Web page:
Have expressed doubt about God's recent decision
To manifest Himself as a posse of high school girls.
"While we continue to venerate and revere You,"
The statement begins, "we must admit we are troubled
By Your appearing among us as seven girls
Mattawan High School. With the greatest respect, Lord,
Are You out of Your Mind?" At a press conference,
Shondanique Davies, who has emerged as spokesman
For the collective God, commented "Whatever."
She admitted there were some problems in adjusting
To being a collective Supreme Deity. "Rhonda,
For example. She needs to make up her mind:
In or out? One day she's everyone's best friend
And the next she walks by like We're not even there."
Rhonda Jacobson has been unavailable for comment
While she studies for her exam in World History II.

Friday, September 16, 2016


There was a crowd of strong, small, humorous women
With sharp eyes. My mother was one of them
Along with any number of her aunts, cousins and friends
(Her sister was another type altogether, unable
To see through a stone wall. On the other hand,
Like Yosemite Sam or Wile E. Coyote
Tamara could absent-mindedly walk off cliffs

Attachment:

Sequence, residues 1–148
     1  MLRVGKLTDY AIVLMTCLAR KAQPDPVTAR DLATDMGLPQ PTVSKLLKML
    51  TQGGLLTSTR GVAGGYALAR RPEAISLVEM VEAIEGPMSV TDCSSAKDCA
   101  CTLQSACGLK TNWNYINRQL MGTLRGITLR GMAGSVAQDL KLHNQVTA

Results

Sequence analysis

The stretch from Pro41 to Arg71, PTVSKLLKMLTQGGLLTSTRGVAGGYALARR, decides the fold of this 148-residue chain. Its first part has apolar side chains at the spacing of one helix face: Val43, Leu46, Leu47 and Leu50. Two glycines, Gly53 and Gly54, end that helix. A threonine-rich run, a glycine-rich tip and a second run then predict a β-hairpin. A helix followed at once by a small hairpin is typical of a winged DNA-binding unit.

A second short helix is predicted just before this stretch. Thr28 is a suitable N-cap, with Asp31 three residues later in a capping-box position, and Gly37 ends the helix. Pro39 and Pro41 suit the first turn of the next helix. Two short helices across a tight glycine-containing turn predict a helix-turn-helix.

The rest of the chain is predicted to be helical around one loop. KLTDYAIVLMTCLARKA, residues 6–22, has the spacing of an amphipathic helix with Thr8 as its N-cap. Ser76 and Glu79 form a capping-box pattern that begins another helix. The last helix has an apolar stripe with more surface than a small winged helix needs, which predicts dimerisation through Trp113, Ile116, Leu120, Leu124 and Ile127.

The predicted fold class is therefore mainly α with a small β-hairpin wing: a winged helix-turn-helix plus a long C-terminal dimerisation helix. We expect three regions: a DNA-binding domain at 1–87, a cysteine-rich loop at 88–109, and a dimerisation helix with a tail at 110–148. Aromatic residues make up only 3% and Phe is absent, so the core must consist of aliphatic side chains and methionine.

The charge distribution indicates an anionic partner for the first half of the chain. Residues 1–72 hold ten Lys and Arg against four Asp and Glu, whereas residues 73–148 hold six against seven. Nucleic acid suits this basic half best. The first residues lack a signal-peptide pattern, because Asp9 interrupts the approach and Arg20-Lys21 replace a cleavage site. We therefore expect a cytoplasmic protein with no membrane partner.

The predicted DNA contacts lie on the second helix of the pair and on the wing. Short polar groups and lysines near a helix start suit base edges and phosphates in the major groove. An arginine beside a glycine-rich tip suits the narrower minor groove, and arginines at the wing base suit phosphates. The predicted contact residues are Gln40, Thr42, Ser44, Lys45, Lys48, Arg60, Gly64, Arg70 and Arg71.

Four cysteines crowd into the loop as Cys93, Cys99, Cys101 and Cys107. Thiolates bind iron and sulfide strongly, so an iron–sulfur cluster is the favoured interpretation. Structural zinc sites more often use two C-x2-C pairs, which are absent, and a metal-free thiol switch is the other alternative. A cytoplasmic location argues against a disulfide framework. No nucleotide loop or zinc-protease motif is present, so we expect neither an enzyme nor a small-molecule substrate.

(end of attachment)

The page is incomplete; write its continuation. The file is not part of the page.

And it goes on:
And not fall unless she looked down.)
Some of this breed stayed behind in Poland;
Pictures of the poet Wislawa Szymborska
Make it clear she could love you
Despite the faults she knew you had
And which she'd list on slight provocation.
More; in emergencies she could create
Virtues in you no one else could even imagine.

Thursday, September 15, 2016


In his rare idle moments Svevo,
Assistant to the God of Penn Station,
Has been setting the god’s dreams
To music. (The God of Penn Station
Never sleeps; Svevo dreams for him).
The ghosts who have been waiting
For the 7:43 B & O Express to Chicago
Since October 1, 1926 have begun
To sing some of the catchier tunes.
This unnerves the more sensitive
Nowaday trainmen and commuters.

Wednesday, September 14, 2016


For a reasonable fee Francis Birkenhead
Composed and wrote out love letters
In a smooth flowing Chancelry hand;
For a bit more, he'd make them rhyme.
On slow days he might offer to add an air
Of manly candor or maidenly reserve
At little or no extra charge.
Being poor, he could rarely afford
To hire himself for high quality work;
The women he loved received
Laundry lists, fraudulent resumes,
And incomprehensible instructions
For building either a boat or an elephant.

Tuesday, September 13, 2016


Li Po died, they say,
Trying to embrace a moon
He saw in the water.
He never
Merely tried.
Moons always
Welcomed his embrace.

Monday, September 12, 2016


James Harrington, I hear, had a rough muse
She'd come to him late at night, drunk,
Her clothes torn from a fight she'd picked
With a sailor twice her size and kick Harrington
Until he’d throw off the covers and leave his bed.
He’d stumble about, lighting a candle,
Sharpening a quill, spilling ink on his nightshirt,
While she stood muttering to herself or shouting
"Haste, laggard! I’ve a bonzer poem for you!"
Many a time, when he was finally set to write
He'd find her collapsed on his bed, snorting,
Thrashing, choked on tears and laughter,
And then she’d sleep the clock around.
He left her at last for the sedate goddess